Let’s take one last look back at the controversy surrounding the Fox News debate, and consider the left’s reaction to it. The reaction can best be described as gleeful.
The Washington Post’s Erik Wemple relished the spectacle, celebrating it with over-the-top imagry:
The right-wing penchant for nonstop media criticism is swerving across the median, zigzagging around the road, about to wrap itself around that oak tree around the curve. Like other planks of the conservative canon — e.g., foreign-policy hawkishness — it has been invoked and ultimately abused by Trump. Such that it can no longer stand on its own.
A few days earlier, leftist media critic Jay Rosen of NYU had tweeted, in response to National Review being barred by the RNC from co-hosting a February debate: “Right wing critique of media bias starts to consume itself. Hilariously: The RNC has lost its mind on GOP debates.”
I can’t deny that there’s some irony associated with Fox News, the conservative response to media pro-left bias, and National Review being attacked for bias by the GOP frontrunner. But the irony isn’t profound. In the case of Fox, Donald Trump’s accusations of bias were directed at just one Fox journalist, Megyn Kelly. At the height of the dispute, Trump appeared with Bill O’Reilly. In the case of National Review, the anti-Trump bias is undeniable.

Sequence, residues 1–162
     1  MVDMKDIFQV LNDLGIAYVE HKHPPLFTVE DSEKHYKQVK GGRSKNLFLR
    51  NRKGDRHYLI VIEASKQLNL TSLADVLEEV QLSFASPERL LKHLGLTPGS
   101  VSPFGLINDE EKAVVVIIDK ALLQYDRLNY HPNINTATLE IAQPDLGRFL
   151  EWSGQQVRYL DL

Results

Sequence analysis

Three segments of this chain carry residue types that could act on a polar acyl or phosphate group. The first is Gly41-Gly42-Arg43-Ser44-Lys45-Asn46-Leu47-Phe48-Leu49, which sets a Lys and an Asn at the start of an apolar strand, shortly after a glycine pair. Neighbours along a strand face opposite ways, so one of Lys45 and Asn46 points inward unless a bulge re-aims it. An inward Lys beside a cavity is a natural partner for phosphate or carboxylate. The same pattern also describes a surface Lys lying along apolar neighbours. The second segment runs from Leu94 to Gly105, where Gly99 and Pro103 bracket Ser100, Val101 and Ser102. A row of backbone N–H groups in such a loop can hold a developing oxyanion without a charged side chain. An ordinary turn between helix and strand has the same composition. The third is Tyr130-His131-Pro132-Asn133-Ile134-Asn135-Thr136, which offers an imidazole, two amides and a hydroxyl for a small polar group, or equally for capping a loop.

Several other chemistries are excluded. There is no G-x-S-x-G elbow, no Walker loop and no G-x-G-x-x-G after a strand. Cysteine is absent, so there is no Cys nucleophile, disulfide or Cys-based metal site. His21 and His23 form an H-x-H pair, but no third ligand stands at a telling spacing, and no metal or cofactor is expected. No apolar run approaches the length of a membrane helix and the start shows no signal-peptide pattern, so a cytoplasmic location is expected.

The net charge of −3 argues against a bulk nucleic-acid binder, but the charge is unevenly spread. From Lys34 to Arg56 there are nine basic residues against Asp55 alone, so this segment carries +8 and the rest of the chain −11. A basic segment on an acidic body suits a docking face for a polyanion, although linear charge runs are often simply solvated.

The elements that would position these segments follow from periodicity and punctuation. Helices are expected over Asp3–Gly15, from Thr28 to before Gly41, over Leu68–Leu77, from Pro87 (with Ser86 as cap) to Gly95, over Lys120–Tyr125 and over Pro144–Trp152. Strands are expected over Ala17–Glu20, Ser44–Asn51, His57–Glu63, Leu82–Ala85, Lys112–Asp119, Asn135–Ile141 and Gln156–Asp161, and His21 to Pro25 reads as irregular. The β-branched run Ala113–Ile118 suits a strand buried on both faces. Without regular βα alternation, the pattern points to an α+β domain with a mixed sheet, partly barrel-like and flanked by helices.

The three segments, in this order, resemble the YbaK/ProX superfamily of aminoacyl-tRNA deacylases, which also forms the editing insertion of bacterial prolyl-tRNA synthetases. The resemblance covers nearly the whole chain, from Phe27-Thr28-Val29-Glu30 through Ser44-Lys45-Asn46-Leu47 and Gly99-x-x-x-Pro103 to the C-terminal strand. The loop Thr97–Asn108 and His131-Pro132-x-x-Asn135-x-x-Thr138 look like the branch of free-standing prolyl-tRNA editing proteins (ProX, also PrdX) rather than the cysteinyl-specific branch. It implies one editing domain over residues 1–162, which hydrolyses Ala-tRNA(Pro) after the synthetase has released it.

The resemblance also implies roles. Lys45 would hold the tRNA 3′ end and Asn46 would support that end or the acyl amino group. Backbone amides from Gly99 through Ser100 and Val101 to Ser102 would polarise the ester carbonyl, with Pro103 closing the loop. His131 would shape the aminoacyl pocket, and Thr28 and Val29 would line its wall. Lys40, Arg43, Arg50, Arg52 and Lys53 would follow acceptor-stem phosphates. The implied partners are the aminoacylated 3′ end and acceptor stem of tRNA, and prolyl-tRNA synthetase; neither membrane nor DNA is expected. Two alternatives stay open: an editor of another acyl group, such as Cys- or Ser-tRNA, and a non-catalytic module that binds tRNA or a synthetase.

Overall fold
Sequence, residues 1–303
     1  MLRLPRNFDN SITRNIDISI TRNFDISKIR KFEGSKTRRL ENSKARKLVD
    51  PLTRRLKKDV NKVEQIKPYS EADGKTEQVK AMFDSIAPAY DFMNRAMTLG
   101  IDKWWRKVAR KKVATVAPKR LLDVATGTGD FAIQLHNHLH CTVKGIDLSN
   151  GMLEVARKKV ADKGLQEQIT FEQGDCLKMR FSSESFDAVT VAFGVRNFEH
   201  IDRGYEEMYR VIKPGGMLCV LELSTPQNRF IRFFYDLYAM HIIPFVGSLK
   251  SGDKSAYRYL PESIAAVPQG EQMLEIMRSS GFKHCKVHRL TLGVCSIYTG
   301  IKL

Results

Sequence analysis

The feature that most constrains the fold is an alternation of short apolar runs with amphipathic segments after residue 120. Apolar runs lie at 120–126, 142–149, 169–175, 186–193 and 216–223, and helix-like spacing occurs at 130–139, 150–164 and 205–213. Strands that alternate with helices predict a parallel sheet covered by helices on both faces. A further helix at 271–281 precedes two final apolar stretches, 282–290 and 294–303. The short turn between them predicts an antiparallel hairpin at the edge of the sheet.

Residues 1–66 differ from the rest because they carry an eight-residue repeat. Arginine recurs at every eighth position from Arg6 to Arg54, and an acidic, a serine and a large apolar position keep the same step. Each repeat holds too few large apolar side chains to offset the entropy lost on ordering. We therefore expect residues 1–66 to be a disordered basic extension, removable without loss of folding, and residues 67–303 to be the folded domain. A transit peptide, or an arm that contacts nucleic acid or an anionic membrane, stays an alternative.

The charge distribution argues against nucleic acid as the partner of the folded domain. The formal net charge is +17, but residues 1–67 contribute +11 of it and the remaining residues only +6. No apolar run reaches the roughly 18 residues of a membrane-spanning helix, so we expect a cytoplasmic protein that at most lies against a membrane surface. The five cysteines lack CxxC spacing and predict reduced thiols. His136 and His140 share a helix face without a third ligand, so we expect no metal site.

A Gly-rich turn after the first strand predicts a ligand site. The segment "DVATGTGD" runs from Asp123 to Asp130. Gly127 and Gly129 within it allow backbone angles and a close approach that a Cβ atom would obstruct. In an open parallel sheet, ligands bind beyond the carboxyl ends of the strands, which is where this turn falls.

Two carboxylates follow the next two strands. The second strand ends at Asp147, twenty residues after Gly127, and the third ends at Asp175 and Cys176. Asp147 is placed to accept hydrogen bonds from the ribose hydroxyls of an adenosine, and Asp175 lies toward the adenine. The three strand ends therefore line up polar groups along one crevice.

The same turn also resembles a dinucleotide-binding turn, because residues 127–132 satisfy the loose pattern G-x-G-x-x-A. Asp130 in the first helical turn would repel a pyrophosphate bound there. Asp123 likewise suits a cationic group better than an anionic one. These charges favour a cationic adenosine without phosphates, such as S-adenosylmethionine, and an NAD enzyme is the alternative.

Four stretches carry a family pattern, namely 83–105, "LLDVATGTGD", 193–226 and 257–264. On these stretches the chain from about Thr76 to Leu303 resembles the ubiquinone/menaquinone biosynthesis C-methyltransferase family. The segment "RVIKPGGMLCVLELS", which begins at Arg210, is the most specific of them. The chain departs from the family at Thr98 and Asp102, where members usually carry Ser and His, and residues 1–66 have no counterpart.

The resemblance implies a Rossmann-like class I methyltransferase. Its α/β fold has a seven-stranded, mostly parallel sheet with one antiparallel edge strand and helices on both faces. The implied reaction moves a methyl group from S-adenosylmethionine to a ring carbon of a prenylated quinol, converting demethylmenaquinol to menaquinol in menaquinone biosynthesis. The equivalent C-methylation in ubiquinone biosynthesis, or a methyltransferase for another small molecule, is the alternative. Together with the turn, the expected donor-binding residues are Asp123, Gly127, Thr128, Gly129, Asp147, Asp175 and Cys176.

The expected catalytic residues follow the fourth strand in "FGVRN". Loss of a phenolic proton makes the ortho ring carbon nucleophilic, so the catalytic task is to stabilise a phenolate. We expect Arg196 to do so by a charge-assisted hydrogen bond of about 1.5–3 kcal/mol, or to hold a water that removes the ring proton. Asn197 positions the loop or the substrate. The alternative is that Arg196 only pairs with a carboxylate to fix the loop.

What really stands out for me is the media’s lack of standing with huge segments of the U.S. electorate. Most Republicans don’t trust the mainstream media because they consider it partial to Democrats and liberals. The Trumpists, a faction that cuts across ideological and party lines, trust neither the mainstream media nor, arguably, Fox News.
The “right wing” critique of media bias isn’t “consuming itself”; nor is it unable to “stand on its own.” Rather, it is helping to fuel two distinct, albeit overlapping, movements that taken together probably encompass a majority of the electorate.
We already knew how widespread acceptance of the media bias critique is. In September, Gallup reported that “Americans’ trust in media remains at historical low.” It based this conclusion on a poll in which only four in 10 of those surveyed said they have “a great deal” or “a fair amount” of trust and confidence in the mass media to report the news fully, accurately and fairly.
If Fox News has been “consumed,” or even adversely impacted, by Trump’s media bias critique, there’s a good chance that trust in the media is even lower than 40 percent today.
As it should be.